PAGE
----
It fell just short, too deflated and defeated to really embrace the irony as she typically did. “All I could think of was when my own city fell.” She just stared at the ground now, watching the ash accumulate. At least this way she could avoid the terror of that final moment if, or when, it came… and rob him of the satisfaction of seeing it in her eyes.

 

“A fate that you’ve now brought upon us.” The Druid’s fist surrendered its illumination, only to grab the woman’s chin and force her to look back up at him. “You and your abomination of a leader. She was one of yours in life, was she not?”

 

Svetlaena raised one of her weary, singed hands to grab at his wrist, but little else. She simply hadn’t the strength to pry him away or even tear out of his grasp. “She is no kindred of mine. Merely a shadow of it.” There seemed to be some hesitation to these words, but once they were said, it was replaced by the tiniest shred of relief.

 

“And yet you still march to her commands.” Vaedoras hissed as he kneeled, getting closer to her face.  “You’ve made this mistake before, with the brown orc. He destroyed a city, like your ‘Shadow’. He renewed conflicts that benefited none but his own ego-- as this one does, this wicked Windrunner and her designs. How do I know you truly regret it this time? What will you do to prove you have learned from your past, Svetlaena? Why should I believe that you can still meet salvation? Tell me, why are you worth sparing again?”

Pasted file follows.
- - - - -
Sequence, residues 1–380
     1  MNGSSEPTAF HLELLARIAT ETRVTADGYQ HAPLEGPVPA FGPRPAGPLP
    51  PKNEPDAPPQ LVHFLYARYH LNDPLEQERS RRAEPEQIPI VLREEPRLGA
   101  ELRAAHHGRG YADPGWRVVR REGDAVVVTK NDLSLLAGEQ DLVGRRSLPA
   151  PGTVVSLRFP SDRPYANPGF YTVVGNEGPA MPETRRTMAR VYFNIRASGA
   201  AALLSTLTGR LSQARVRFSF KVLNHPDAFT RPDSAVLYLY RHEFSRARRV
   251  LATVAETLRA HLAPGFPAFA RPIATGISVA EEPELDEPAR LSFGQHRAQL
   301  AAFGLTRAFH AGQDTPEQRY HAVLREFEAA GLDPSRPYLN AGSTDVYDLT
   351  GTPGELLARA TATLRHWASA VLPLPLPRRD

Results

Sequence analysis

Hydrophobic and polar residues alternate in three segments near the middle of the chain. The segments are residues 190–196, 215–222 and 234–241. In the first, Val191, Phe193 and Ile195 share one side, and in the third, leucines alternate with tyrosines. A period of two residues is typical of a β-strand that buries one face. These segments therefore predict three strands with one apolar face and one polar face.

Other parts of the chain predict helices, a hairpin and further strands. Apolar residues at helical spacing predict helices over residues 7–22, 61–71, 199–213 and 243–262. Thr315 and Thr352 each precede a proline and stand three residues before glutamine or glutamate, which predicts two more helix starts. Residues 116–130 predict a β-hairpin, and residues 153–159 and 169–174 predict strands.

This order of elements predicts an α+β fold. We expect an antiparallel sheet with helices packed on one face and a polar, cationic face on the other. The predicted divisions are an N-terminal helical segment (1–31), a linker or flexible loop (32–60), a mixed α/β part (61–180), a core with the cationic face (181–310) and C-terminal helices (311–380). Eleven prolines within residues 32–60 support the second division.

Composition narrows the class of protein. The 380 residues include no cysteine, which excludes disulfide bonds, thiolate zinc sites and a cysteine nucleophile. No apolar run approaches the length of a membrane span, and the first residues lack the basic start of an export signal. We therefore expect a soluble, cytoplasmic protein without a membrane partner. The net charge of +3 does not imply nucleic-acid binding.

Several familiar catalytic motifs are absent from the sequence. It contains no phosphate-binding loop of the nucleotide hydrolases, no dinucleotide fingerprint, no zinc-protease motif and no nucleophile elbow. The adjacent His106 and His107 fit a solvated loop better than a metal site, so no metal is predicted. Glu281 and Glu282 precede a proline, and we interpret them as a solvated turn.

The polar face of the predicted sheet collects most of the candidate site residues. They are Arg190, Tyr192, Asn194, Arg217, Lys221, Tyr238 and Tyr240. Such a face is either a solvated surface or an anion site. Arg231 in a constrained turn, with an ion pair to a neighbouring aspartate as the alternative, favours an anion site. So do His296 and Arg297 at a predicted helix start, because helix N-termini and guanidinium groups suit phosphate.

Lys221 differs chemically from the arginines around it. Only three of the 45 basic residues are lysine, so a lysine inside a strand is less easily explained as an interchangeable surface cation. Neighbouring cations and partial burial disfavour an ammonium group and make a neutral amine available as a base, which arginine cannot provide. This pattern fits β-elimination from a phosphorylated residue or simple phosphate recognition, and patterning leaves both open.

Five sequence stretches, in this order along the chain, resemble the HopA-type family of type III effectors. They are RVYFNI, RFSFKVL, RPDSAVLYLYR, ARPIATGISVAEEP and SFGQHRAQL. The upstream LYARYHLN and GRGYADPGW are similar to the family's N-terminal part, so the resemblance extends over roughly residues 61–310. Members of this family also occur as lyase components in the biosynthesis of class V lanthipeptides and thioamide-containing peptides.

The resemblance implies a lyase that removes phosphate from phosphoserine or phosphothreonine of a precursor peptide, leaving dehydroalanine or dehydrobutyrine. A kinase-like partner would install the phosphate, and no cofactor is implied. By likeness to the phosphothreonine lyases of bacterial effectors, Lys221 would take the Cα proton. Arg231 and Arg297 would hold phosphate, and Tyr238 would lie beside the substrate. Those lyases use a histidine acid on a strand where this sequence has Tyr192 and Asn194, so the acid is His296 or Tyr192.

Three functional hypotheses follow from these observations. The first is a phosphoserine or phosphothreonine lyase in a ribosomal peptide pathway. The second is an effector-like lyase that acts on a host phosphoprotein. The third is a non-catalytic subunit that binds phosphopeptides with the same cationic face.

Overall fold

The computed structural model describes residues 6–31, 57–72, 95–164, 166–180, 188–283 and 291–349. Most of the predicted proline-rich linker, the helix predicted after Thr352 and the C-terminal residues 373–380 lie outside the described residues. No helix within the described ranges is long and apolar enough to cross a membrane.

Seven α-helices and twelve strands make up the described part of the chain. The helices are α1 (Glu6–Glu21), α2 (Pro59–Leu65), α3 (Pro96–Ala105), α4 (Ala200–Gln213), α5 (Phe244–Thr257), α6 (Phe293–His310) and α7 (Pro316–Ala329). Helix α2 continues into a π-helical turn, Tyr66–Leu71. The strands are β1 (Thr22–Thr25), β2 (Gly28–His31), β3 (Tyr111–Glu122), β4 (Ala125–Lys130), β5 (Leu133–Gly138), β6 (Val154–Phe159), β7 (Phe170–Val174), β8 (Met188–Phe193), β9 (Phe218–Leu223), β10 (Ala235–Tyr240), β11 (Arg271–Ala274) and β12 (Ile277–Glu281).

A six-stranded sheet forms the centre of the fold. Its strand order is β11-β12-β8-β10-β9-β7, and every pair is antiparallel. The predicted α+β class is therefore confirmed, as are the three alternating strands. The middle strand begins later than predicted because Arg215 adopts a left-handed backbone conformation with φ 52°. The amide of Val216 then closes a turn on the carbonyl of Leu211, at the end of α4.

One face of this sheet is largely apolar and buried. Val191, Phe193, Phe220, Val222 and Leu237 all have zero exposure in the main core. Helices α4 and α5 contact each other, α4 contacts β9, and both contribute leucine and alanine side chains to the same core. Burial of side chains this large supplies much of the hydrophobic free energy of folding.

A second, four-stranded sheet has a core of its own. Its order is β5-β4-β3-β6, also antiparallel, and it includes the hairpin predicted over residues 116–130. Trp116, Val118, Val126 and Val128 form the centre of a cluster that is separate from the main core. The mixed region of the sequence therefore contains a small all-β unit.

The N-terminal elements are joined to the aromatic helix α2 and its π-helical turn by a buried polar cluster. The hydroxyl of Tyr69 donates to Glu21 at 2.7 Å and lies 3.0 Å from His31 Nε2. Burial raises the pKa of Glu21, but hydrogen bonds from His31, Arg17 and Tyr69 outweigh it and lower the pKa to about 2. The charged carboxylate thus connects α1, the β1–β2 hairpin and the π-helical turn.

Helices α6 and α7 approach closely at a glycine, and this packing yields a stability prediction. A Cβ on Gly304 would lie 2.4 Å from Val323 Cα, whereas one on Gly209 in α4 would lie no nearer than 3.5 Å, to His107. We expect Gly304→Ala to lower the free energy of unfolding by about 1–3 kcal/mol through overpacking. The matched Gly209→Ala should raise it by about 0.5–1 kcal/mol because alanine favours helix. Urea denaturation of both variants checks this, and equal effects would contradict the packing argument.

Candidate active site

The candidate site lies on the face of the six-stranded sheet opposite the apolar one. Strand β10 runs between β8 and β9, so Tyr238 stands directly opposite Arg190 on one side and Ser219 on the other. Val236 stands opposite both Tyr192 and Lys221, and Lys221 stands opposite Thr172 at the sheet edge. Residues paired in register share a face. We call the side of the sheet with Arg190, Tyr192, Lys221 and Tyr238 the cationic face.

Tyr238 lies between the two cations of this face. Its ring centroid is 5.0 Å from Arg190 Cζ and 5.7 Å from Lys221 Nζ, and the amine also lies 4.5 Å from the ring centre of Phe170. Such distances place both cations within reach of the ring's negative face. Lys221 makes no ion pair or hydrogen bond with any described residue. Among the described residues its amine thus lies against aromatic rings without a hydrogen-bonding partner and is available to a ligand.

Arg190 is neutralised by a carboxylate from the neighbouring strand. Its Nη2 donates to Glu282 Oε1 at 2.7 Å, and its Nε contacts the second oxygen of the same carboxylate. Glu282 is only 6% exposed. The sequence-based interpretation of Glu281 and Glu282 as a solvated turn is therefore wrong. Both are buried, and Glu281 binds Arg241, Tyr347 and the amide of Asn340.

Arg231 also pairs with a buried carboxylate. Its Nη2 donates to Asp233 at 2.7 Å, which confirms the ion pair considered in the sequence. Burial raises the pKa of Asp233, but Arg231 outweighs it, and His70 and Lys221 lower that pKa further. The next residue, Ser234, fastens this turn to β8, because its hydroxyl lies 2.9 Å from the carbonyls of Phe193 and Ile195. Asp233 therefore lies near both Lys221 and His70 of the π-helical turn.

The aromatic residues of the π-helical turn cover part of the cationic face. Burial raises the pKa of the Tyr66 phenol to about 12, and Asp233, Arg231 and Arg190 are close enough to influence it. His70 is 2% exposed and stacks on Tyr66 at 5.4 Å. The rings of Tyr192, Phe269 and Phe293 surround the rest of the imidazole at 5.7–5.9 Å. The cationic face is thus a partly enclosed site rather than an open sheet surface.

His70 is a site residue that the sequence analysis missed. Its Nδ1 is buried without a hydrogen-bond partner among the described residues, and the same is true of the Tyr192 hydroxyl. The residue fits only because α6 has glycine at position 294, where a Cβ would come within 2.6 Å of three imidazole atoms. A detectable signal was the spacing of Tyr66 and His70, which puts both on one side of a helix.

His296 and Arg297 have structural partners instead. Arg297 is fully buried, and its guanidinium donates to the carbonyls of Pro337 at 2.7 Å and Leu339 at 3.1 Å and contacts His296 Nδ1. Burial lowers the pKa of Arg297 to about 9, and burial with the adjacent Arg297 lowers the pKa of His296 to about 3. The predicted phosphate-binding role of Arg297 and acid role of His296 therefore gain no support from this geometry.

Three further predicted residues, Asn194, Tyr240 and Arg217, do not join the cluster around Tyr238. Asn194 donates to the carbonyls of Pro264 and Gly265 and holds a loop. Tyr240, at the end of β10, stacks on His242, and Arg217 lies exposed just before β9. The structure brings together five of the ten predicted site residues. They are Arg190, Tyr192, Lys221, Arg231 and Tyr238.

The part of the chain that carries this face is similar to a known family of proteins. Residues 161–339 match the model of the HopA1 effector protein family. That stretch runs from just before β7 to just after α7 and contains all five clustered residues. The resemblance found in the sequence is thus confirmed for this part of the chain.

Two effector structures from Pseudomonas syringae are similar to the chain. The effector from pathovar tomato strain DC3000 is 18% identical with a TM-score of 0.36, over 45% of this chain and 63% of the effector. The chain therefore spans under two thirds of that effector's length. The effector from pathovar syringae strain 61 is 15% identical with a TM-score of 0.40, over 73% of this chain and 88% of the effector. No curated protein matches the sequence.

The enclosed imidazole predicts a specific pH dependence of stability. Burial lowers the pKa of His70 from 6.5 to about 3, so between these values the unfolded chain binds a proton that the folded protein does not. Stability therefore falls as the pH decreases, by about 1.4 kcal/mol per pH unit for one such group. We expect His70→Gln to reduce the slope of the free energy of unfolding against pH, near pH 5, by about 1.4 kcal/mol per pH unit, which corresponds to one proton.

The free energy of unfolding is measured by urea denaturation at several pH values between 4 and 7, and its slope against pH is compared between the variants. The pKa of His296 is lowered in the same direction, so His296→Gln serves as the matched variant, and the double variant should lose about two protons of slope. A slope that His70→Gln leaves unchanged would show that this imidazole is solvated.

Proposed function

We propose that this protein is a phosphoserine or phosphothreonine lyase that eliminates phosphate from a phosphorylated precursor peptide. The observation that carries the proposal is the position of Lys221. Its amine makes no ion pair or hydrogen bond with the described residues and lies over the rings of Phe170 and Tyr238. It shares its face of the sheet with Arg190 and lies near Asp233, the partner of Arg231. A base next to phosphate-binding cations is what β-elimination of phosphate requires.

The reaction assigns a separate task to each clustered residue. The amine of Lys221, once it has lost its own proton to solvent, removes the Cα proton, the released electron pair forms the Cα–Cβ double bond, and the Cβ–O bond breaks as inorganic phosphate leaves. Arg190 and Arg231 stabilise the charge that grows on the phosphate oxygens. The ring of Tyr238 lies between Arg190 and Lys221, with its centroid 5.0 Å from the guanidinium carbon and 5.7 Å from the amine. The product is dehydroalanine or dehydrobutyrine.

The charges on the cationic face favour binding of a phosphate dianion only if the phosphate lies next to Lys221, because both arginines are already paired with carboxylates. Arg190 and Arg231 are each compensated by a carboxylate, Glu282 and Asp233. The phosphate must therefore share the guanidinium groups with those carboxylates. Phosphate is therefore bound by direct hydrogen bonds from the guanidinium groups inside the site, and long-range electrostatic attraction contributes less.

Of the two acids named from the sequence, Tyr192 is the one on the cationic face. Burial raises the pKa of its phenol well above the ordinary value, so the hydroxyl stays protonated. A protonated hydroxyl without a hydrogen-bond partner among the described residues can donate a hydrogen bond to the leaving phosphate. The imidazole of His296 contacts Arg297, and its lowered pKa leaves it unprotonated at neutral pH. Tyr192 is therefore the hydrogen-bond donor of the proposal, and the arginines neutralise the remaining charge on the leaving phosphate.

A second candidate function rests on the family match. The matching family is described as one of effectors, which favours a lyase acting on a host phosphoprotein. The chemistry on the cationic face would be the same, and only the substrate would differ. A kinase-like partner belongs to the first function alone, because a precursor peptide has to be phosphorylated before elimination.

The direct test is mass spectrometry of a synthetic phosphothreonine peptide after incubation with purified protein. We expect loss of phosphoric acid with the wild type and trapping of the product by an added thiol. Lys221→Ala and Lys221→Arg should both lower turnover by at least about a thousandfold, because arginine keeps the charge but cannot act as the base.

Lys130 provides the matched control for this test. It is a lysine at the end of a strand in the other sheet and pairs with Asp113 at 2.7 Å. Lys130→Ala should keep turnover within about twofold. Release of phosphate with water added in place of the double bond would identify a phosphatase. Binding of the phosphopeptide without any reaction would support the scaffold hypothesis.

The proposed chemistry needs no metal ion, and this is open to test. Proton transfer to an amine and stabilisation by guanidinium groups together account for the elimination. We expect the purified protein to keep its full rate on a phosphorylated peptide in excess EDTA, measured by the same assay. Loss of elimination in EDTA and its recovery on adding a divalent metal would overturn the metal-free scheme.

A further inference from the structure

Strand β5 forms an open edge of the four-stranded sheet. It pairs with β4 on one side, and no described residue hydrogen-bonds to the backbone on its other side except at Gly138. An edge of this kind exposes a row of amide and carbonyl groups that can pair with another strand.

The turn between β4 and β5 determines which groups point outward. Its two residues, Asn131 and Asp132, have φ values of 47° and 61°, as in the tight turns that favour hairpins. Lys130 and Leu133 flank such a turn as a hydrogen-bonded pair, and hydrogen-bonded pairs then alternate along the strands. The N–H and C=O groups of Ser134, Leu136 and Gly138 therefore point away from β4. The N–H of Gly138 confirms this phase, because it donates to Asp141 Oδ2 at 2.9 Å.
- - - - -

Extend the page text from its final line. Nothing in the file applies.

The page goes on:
His increased proximity seemed to be fanning the faded inner flame of defiance, for she ceased to avoid his gaze once more, “What makes you think you have this right? We once agreed that we two are monsters, didn’t we?” Narrowing her stinging eyes, she continued, “This is beyond us both. You’ve no right to be talking like a paladin… nor do I have any defense for myself.”